Pleural Effusion (Fluid In the Chest or On Lung) (cont.)
Charles Patrick Davis, MD, PhD
Dr. Charles "Pat" Davis, MD, PhD, is a board certified Emergency Medicine doctor who currently practices as a consultant and staff member for hospitals. He has a PhD in Microbiology (UT at Austin), and the MD (Univ. Texas Medical Branch, Galveston). He is a Clinical Professor (retired) in the Division of Emergency Medicine, UT Health Science Center at San Antonio, and has been the Chief of Emergency Medicine at UT Medical Branch and at UTHSCSA with over 250 publications.
Steven Doerr, MD
Steven Doerr, MD, is a U.S. board-certified Emergency Medicine Physician. Dr. Doerr received his undergraduate degree in Spanish from the University of Colorado at Boulder. He graduated with his Medical Degree from the University Of Colorado Health Sciences Center in Denver, Colorado in 1998 and completed his residency training in Emergency Medicine from Denver Health Medical Center in Denver, Colorado in 2002, where he also served as Chief Resident.
In this Article
- What is pleural effusion?
- What are the causes of pleural effusion?
- What are the signs and symptoms of pleural effusion?
- What are the risk factors for pleural effusion?
- How is pleural effusion diagnosed?
- What is the treatment for pleural effusion?
- What are the complications of pleural effusion?
- Can pleural effusion be prevented?
- Find a local Pulmonologist in your town
What is the treatment for pleural effusion?
Small transudative pleural effusions may require no treatment, while larger ones and most exudative pleural effusions require treatment. The initial treatment of choice is drainage of the pleural fluid. This is done by thoracentesis (this procedure may be both diagnostic and therapeutic), where a tube is inserted into the effusion, and the effusion is drained out. This procedure needs monitoring, and in some instances, the tube may need to remain in the pleural space for a longer period of time for continued drainage. The need for repeated thoracentesis varies from patient to patient depending on the underlying cause, the amount of effusion fluid, the type of effusion (thick, thin, malignant, or infectious, for example) and if there is recurrence of the pleural effusion.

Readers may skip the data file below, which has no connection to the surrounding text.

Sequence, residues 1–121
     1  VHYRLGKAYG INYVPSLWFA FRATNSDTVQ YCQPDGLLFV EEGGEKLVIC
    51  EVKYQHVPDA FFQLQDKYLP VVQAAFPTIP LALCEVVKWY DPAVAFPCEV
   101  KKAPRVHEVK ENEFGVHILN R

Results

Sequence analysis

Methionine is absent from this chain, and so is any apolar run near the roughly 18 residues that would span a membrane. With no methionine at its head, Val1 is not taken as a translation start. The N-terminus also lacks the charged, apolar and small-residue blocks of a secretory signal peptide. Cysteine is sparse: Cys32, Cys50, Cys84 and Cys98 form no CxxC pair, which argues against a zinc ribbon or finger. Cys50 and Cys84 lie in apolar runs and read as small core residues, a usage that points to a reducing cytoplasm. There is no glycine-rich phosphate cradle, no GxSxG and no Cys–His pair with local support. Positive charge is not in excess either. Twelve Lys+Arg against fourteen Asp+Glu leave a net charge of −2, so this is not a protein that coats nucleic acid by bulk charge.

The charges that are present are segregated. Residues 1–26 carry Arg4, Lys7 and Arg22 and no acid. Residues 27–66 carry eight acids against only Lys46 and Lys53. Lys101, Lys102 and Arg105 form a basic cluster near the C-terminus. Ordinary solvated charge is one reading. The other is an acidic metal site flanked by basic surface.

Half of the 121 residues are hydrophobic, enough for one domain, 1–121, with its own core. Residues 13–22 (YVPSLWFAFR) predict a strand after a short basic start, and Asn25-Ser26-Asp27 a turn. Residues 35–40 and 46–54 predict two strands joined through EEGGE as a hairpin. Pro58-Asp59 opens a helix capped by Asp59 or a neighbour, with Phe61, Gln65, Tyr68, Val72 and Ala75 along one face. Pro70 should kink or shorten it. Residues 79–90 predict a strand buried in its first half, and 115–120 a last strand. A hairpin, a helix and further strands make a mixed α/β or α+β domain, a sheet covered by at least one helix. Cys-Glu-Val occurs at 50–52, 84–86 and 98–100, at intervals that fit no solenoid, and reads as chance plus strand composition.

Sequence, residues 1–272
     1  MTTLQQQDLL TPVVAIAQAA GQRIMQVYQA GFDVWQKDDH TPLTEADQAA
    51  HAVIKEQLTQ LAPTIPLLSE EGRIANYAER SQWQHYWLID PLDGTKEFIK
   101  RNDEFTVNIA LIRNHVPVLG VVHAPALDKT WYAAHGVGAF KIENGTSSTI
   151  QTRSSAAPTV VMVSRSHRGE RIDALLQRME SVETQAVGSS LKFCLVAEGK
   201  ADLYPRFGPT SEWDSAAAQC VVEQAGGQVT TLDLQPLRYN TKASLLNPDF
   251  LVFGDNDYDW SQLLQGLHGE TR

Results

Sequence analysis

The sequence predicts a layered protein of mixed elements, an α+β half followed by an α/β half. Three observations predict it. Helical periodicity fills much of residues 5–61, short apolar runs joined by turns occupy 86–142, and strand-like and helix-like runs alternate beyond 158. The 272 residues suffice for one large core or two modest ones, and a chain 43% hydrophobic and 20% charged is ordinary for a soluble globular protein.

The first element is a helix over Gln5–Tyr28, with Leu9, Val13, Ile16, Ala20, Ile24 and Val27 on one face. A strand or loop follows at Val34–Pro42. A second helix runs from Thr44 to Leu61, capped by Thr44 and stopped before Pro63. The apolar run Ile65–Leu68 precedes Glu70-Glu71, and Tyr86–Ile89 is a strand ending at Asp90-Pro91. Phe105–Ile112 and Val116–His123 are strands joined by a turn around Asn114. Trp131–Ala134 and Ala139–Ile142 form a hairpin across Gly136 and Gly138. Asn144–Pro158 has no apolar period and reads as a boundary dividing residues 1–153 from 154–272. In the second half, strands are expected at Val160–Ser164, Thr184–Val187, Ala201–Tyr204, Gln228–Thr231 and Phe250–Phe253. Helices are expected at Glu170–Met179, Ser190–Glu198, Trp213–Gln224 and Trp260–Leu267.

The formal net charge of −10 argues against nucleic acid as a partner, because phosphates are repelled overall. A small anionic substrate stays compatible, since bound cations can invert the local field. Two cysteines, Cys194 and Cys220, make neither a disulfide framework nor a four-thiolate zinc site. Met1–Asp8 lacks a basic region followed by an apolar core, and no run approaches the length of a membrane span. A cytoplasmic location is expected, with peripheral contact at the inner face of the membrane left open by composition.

Some pleural effusions (mainly exudative) may require surgery to break up adhesions, while others may require pleurodesis (pleural sclerosis), a procedure whereby different irritant substances or medications are inserted into the pleural space in order to fibrose and scar the visceral and pleural surfaces together. This procedure seals the pleural space so that pleural effusions have difficulty reaccumulating.
The use of medications for pleural effusions depends on the underlying cause. Antibiotics are used when there is an infectious cause, whereby diuretics such as furosemide (Lasix) may be used to slowly help reduce the size of the pleural effusion.
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